We are left, then, with only three incidents to consider. The first is the episode following the death of Aharon when B'nei Yisroel began to return toward Mitzrayim and B'nei Levi ran after them (see Rashi 26:13). The Yerushalmi records that only eight (or seven, see Rashi and the Yerushalmi inside) families were wiped out from Yisroel in that incident. This would seem to represent a significant loss but perhaps not 46,000.

The second is the episode with the snakes (Bemidbar 21) where, as recorded in the Mishna (Rosh HaShanah 29a), those who were bitten and did not have appropriate kavana when shown the copper snake perished. Here, too, there is no significant loss recorded but only that proper kavana was required for the snake to cure you. Before the cure, however, the pasuk states (pasuk 6) that a great multitude perished from Yisroel. We are not given any further information, though, on the number of casualties2.

Finally, there is the plague of Ba'al Pe'or. That leads into a discussion as to what in fact transpired besides the loss of 24,000 in the plague. From the fact that the Torah refers to a magefa, it is doubtful that this refers to those killed by the shoftim. So how many people did the shoftim kill? The Ramban (on this pasuk) quotes a Yerushalmi, the simple reading of which implies that each shofet killed two men as commanded by Moshe. This would render well over 150,000 casualties. Ramban, however, concludes that the figure given by the Yerushalmi is just referring to how many would have been killed had Moshe's command been carried out but in the end the shoftim never had a chance to do so and they didn't kill a soul. Perhaps it is possible to take this idea of the Ramban that the shoftim were interrupted before having a chance to complete their mission, but to suggest that they had already begun to carry it out when they were interrupted. With or without such a supposition, one could suggest that in some way, these three incidents combined for a grand total of 46,000 fatalities. The other 24,000 died in the magefa. Now we have accounted for all 70,000 lives and all the figures work out.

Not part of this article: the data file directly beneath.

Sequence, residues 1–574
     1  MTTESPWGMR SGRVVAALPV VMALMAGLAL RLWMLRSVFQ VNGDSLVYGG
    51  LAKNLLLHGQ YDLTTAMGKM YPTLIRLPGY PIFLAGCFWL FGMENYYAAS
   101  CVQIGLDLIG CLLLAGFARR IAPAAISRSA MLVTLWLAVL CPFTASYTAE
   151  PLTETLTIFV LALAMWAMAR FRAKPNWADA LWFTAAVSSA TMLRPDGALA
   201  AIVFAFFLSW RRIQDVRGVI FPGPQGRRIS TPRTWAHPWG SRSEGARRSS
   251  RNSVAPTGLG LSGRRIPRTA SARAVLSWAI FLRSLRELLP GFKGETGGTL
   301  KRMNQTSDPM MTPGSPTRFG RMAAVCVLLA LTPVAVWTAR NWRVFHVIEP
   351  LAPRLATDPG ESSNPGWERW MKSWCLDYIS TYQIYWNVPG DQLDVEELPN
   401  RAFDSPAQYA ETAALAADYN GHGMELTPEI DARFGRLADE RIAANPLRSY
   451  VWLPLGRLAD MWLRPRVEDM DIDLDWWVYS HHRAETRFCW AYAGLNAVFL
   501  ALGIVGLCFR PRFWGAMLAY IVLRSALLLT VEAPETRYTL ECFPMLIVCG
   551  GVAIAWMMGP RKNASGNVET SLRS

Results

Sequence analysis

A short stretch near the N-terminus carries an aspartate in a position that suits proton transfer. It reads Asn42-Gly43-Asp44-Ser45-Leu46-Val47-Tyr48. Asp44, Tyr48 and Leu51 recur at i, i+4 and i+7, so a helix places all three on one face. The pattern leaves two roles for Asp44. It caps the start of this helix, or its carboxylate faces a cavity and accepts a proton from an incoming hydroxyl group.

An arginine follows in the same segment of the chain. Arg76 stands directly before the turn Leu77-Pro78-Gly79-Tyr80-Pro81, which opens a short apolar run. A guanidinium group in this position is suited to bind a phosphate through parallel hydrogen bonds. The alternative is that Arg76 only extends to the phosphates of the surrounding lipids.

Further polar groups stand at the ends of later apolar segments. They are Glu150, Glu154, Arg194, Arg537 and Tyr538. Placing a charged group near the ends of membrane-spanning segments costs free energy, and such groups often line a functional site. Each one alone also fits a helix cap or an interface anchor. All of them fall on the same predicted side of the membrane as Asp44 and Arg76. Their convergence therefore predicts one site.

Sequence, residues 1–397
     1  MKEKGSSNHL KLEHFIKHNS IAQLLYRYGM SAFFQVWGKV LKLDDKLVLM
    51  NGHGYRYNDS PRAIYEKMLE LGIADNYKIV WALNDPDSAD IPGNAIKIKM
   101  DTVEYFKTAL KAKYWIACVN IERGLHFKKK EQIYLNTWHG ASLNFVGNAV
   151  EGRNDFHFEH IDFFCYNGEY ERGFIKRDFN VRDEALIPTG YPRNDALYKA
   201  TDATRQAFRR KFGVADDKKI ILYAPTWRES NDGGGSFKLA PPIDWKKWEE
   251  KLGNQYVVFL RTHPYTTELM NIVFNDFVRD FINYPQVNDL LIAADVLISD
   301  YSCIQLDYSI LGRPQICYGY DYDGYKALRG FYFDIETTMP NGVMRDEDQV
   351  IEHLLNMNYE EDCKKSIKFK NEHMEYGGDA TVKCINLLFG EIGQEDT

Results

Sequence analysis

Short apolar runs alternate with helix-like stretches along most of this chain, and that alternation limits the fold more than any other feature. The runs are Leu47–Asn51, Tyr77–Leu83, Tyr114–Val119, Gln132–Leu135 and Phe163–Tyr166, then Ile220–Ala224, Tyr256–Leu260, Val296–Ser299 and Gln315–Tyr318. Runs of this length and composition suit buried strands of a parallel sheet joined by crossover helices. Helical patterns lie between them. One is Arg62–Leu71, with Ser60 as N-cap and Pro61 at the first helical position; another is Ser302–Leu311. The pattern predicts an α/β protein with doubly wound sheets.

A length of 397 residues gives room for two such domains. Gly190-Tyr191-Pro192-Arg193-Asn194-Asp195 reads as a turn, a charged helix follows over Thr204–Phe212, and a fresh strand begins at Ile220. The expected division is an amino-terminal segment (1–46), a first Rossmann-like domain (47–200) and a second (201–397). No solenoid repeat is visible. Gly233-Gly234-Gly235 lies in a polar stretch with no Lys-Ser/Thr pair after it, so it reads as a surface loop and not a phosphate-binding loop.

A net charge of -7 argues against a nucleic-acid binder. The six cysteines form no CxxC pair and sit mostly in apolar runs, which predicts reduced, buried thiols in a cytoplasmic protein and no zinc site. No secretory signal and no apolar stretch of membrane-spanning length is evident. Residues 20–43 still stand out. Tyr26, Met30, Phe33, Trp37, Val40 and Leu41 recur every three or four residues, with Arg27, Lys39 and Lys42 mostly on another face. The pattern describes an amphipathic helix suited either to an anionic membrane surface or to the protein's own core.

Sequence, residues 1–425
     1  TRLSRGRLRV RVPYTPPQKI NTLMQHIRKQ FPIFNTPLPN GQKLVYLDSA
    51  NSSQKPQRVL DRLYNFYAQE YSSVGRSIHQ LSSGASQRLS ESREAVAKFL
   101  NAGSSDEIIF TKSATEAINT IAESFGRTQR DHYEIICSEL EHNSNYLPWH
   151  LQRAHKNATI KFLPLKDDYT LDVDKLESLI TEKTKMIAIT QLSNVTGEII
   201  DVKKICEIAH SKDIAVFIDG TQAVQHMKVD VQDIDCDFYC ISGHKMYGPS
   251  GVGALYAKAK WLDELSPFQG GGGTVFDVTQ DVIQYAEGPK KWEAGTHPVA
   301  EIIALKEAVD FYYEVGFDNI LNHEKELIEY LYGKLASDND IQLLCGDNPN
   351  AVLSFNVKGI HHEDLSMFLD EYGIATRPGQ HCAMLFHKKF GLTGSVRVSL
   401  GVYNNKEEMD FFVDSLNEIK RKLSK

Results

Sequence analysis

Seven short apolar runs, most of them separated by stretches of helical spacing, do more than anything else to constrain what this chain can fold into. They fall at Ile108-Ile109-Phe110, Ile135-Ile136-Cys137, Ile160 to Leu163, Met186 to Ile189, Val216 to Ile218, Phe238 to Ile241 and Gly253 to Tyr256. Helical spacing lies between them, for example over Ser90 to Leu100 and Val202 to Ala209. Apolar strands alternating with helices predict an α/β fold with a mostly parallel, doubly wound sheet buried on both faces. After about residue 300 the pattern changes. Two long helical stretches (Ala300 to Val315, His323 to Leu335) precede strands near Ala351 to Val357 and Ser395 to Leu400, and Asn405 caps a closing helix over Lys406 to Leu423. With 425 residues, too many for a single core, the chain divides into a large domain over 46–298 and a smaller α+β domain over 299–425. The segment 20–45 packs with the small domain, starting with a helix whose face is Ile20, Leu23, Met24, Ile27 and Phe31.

Nevertheless, it is doubtful that Rashi actually wrote 88,000 and had this convoluted calculation in mind. Rather, it is more reasonable to assume that this version of Rashi is a mistake and that he originally wrote 78,000, particularly because the Ramban had such a reading of Rashi. However, I am not the first to try and justify the figure of 88,000. The Margaliyos HaYam on the gemara in Sanhedrin cites the sefer Techeles Mordechai who offers a calculation based on a population of 603,550:

603shoftim over a thousand
6,035shoftim over a hundred
12,071shoftim over fifty
60,355shoftim over ten
276(12x23 small Sanhedrin for each tribe)
72(12x6 Nesi'im for each tribe)